Director: Philip Brophy
Scorpion Releasing

The residents of Pebbles Court are dying to get healthy… literally in the gruesomely gory Ozploitation splatter pic BODY MELT, out on DVD from Scorpion Releasing and “Katarina’s Nightmare Theater”.

When chemist Ryan (Robert Simper, MAD MAX BEYOND THUNDERDOME) discovers the unethical experiments being conducted by Vimuville on residents of the Melbourne housing development Pebbles Court, he heads there in order to warn Paul Matthews (William McInnes, THE HEARTBREAK KID), one of the subjects chosen for testing of the experimental drug V9. Unbeknownst to Ryan, the clinic’s supervisor Dr. Shann (Regina Gaigalas, DEAD END) has dosed him to the gills with V9 (smaller doses of which have interesting effects on Shann’s own libido). Ryan starts experiencing the deadly effects of the drug and he crashes into a van in Pebbles Court. On the case are detectives Phillips (Gerard Kennedy, ELIZA FRASER) and Johnno (Andrew Daddo) who write it off as a drug-induced fatality. An empty Vimulville pill bottle takes the detectives to the company headquarters (a health farm in the middle of the outback) but they learn nothing helpful until forensics tech forensics tech (Bill Young, THE MATRIX) comments on the unnatural health of the victim suggests that the unrecognizable drugs in his system are experimental cognition enhancers, and the detectives also notice that the victim had scribbled Matthews name on his arm. Back in Pebbles Court, however, Matthews who has started hallucinating and is undergoing glandular changes, cousins Sal (Nick Polites, HERCULES RETURNS) and Gino (Maurie Annese) are on their way to the health farm to give sperm samples to the hot doctor, the Noble family are also on their way to the health farm for a vacation they’ll never forget, and pregnant neighbor Cheryl (Lisa McCune, LITTLE FISH) has been experiencing strange nightmares and confides in suspicious Dr. Carrera (Ian Smith).

Were it not for the film’s sense of black humor, BODY MELT – with its extremely gruesome and explosive death scenes, combined with some sexualized violence as well as a brief shot of hardcore imagery on a television screen – the film could have been seen as not particularly well-developed pharmaceutical spin on Cronenbergian body horror. Director Philip Brophy was an musician – having formed the group whose symbolic name is pronounced Tsk Tsk Tsk – who had made an experimental short film SALT, SALIVA, SPERM, AND SWEAT before tackling the feature length BODY MELT for which he also composed the score and designed the sound (disc hostess Katarina Leigh Waters refers to Brophy – due partially to his use of multiple modes of media for expression, including academic publications – as the Australian Clive Barker). The film is more of a catalogue of gruesome deaths rather than a thriller or horror film. The audience knows everything from the start and are far ahead of the detectives, and the only subsequent surprises of any novelty are not the identities of the additional perpetrators but just what special make-up effects of Bob McCarron (DEAD ALIVE) will come up with for the next death scene. Sal and Gino getting waylaid on their way to the clinic by Pud (Vincent Gil, THE DAY AFTER HALLOWEEN) and his mutant family does eventually dovetail into the main plot, but even after it does, it still feels like a major – though admittedly entertaining – plot detour. The quasi-mythological form of Matthews’ hallucinations and the doctor referring to babies as the “ultimate parasite” up until their birth when explaining away Cheryl’s nightmares hint at profundity, but the film as a whole isn’t particularly thought-provoking and is better enjoyed than absorbed.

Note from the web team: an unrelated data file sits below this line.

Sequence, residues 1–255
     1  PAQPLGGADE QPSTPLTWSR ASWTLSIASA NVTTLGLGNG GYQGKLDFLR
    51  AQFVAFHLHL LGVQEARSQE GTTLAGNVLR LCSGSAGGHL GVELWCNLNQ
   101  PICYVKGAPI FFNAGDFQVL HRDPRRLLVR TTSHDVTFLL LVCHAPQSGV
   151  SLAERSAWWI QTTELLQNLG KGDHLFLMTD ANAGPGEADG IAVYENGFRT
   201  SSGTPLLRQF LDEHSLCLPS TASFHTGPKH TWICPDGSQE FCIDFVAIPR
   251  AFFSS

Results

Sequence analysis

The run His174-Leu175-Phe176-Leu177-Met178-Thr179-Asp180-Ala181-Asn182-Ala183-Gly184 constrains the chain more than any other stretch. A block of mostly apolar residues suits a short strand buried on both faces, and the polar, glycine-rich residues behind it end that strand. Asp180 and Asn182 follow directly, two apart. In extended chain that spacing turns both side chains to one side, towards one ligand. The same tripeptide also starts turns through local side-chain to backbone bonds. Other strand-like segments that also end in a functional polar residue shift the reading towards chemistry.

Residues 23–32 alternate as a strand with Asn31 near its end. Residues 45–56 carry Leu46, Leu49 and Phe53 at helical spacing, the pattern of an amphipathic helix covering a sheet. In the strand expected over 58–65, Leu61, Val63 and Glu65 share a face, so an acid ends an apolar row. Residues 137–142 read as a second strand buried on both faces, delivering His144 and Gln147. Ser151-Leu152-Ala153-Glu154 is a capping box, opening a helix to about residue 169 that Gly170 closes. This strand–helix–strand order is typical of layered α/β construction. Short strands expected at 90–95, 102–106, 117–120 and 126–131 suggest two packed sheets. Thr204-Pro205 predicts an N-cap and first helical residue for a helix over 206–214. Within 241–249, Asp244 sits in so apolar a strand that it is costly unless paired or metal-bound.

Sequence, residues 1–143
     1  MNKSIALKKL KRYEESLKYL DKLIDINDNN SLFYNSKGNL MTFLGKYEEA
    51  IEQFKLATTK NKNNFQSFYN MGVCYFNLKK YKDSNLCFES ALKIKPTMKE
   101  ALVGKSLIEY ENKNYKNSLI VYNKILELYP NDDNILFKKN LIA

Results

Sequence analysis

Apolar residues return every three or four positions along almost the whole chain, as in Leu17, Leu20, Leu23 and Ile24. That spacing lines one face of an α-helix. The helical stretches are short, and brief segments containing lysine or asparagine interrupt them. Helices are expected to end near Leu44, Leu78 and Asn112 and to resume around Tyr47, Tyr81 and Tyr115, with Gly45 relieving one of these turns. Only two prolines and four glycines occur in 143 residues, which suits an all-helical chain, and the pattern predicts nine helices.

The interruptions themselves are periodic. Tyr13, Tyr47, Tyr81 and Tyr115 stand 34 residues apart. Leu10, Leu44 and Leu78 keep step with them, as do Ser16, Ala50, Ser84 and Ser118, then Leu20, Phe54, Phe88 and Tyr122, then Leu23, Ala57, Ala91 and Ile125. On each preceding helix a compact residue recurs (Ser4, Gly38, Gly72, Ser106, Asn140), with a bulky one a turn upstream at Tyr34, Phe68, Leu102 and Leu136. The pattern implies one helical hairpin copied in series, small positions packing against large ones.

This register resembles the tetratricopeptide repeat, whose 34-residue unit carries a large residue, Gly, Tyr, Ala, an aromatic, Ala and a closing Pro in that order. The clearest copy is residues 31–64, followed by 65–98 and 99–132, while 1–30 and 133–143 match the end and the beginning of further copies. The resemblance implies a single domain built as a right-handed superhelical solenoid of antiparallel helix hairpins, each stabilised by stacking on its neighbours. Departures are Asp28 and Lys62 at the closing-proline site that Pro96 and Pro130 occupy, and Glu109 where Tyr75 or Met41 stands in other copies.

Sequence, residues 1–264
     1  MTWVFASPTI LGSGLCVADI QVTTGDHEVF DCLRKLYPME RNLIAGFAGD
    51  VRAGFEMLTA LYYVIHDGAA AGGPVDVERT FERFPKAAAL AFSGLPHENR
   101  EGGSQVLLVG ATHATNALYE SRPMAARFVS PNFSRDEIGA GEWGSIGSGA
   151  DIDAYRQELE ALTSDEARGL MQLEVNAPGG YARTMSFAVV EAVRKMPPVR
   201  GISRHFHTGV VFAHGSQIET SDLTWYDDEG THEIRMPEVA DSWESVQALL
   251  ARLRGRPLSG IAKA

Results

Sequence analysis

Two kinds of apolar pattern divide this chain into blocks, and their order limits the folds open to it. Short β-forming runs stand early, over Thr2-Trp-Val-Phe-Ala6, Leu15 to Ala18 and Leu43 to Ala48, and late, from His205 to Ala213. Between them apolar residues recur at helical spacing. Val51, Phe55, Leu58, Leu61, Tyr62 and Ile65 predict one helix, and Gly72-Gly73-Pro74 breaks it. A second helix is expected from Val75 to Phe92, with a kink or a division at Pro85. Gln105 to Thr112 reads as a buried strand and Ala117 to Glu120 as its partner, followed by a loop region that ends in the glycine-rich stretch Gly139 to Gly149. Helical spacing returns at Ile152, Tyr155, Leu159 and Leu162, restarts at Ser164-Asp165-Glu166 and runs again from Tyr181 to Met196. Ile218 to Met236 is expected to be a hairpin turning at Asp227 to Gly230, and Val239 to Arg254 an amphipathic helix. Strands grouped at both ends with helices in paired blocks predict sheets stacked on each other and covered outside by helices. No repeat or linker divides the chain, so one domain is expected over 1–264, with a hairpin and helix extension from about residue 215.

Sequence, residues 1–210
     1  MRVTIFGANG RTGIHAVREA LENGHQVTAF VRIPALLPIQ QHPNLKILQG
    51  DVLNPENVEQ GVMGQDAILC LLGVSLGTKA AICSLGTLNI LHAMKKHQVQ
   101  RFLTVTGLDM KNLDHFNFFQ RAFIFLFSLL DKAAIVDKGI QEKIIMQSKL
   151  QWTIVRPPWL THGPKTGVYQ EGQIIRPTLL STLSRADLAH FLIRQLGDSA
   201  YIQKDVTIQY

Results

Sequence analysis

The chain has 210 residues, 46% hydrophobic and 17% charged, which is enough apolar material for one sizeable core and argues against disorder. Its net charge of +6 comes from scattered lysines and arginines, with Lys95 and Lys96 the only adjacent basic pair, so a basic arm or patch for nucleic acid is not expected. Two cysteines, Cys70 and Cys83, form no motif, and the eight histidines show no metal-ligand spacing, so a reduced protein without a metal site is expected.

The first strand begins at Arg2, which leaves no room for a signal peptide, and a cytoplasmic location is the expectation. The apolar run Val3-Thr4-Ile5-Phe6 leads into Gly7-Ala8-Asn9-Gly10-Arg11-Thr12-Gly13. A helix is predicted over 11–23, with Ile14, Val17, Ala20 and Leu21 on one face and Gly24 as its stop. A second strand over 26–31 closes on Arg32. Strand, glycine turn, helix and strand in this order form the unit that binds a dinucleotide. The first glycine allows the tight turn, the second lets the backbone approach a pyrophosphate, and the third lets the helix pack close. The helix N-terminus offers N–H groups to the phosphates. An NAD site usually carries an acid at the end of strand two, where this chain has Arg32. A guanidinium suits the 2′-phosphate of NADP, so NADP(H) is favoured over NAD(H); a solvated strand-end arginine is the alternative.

BODY MELT made its stateside debut on VHS in 1994 courtesy of Prism Entertainment in a cropped though serviceable transfer with good Hi-Fi stereo sound (the film did not carry an MPAA rating, but the tape carried an AO (Adults Only) rating by the Film Advisory Board (presumably Prism only used the “unrated” denotation for films that they also released in Blockbuster-friendly R-rated editions). Vanguard released the film on DVD in 2003, also a fullscreen transfer with an upmixed 5.1 soundtrack. Scorpion’s new single-layer disc features an attractive anamorphic widescreen (1.66:1) transfer that is rich in garish colors from the 1980s wardrobe to the gooey effects. The Dolby Digital 2.0 stereo track is boisterous when it comes to the score and the accompanying sound effects for the gore set-pieces. Other than the trailer (1:53), there are no related extras; the Australian disc reportedly features a behind the scenes featurette and storyboards, but the Scorpion’s disc should prove satisfactory to most viewers.

The Scorpion disc is part of the “Katarina’s Nightmare Theater” line, so Katarina Leigh Waters provides optional opening and closing segments in which she discusses the background of the film and its cast and crew. She mentions that it was one of the few Australian splatter films (reminding us that Peter Jackson is a New Zealander), and that it was regarded as subversive for its casting of familiar faces from Australian television (a number of the cast members had appeared on the soap opera NEIGHBORS). Katarina apparently found the film nauseating, so she is replaced in the closing segment by her evil twin Antoinette (appropriately introduced on Scorpion’s release of MARK OF CAIN/THRILLKILL and making occasional appearances on other discs). The disc also features trailers for THE MONSTER CLUB, GRIZZLY, DAY OF THE ANIMALS, THE SURVIVOR and ALLEY CAT. (Eric Cotenas)